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Legal Publisher Ordered to Pay $5-Million in Damages to 2 Professors

A federal jury has ordered the West Publishing Corporation to pay $2.5-million in punitive damages and $90,000 in actual damages to each of two law professors who said the publisher had put their names on an annual supplement to a leading Pennsylvania lawbook even though they had refused to work on the supplement in a dispute over pay. According to today’s Philadelphia Inquirer, the jury found that the publishing company had defamed the law professors—David Rudovsky of the University of Pennsylvania and Leonard N. Sosnov of Widener University—by using their names to help sell the supplement and damaging their reputations when readers discovered the supplement contained little new material. The book, covering criminal-court procedures and used by judges, lawyers, and law schools around the state, was originally published in 1991, and the authors provided annual supplements until 2008, when West sought to cut their fee from $10,000 to $2,500. A lawyer for West, a leading legal publisher based in Minnesota, said the verdict and damages would be appealed.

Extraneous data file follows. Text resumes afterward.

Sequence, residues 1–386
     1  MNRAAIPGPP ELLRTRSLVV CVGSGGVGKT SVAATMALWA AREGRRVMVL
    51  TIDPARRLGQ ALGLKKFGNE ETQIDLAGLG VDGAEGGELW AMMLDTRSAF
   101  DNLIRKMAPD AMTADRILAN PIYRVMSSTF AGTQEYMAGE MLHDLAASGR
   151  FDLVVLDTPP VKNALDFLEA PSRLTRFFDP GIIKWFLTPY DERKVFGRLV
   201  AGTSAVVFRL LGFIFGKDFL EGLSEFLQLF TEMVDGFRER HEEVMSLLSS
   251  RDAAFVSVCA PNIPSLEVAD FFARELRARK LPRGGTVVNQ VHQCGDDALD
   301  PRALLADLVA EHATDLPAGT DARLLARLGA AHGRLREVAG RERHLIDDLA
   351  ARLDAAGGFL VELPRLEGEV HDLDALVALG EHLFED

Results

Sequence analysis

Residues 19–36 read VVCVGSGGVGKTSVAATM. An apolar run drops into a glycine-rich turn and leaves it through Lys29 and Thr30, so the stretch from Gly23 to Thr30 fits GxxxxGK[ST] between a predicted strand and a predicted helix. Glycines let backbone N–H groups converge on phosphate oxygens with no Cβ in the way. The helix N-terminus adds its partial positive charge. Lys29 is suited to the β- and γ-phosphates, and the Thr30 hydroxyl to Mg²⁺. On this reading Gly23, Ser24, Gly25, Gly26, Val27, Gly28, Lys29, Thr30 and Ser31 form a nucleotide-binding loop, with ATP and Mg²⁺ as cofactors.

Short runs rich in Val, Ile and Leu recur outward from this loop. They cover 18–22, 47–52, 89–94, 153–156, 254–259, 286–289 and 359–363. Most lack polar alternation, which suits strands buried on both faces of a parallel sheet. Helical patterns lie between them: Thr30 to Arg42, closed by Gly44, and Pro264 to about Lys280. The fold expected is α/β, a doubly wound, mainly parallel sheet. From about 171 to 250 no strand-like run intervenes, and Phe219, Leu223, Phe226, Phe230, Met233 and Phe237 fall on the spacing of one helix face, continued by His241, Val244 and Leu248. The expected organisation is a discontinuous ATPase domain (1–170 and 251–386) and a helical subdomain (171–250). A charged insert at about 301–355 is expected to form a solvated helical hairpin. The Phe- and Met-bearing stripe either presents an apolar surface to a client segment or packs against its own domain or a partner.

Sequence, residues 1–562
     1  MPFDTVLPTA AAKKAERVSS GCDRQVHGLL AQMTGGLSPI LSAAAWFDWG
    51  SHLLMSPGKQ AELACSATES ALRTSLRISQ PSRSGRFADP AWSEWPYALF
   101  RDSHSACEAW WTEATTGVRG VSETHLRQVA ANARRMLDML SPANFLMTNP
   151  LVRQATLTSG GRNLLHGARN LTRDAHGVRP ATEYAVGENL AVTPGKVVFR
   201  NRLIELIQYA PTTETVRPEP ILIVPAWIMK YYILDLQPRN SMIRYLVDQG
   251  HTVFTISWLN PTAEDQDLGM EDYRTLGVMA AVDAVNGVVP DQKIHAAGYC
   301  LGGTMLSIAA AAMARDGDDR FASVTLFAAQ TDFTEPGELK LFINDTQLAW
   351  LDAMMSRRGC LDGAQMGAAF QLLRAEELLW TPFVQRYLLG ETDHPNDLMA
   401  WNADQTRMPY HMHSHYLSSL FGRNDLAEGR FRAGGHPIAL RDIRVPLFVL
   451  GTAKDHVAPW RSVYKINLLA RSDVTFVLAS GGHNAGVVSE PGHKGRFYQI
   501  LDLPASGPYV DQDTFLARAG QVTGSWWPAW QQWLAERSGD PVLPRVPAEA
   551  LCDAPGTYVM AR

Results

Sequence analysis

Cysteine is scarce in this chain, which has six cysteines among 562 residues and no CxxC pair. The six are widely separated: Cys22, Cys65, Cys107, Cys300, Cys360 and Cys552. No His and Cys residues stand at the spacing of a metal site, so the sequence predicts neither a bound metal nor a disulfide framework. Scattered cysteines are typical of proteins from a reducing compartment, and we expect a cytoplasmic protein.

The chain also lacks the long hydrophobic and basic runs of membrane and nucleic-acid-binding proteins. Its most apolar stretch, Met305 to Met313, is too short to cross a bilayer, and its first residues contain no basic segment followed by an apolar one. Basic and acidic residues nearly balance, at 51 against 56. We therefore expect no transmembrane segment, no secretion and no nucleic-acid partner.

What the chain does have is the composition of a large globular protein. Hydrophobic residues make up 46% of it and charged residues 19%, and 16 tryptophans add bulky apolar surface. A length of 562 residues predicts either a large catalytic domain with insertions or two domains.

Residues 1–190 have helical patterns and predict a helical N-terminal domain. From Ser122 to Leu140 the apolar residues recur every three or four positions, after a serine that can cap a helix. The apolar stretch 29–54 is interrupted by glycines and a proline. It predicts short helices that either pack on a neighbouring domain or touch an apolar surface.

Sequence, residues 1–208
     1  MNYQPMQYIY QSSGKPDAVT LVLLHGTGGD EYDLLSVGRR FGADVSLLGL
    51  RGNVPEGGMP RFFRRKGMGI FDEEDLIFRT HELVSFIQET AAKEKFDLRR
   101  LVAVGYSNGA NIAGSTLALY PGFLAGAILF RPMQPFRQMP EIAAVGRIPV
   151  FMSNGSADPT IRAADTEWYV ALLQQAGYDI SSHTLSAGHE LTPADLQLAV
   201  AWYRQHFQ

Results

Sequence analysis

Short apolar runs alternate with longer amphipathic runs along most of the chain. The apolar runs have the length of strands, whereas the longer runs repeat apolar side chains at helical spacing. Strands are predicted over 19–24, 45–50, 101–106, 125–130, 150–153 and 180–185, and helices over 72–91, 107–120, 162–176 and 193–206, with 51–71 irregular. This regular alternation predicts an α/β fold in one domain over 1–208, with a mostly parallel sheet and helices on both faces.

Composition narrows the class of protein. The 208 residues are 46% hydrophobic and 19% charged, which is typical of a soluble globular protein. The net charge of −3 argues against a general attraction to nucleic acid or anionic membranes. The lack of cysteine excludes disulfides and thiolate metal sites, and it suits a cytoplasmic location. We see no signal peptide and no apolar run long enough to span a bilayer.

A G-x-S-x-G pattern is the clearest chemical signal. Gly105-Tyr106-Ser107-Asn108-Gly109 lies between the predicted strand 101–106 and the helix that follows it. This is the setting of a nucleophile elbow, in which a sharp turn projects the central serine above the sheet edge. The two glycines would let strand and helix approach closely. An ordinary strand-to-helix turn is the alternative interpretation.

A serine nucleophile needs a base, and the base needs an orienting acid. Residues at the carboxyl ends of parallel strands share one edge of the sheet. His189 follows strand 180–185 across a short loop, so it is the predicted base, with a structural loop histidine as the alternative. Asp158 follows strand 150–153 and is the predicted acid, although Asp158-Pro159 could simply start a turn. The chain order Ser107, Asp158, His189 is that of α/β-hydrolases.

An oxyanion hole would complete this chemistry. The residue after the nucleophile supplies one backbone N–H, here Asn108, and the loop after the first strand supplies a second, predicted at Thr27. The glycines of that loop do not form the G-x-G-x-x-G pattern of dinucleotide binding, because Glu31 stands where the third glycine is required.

Correction (6 p.m.): This post has been updated to reflect the fact that each professor was awarded $2.5-million in punitive damages and $90,000 in actual damages. The damages were not to be split between the professors.

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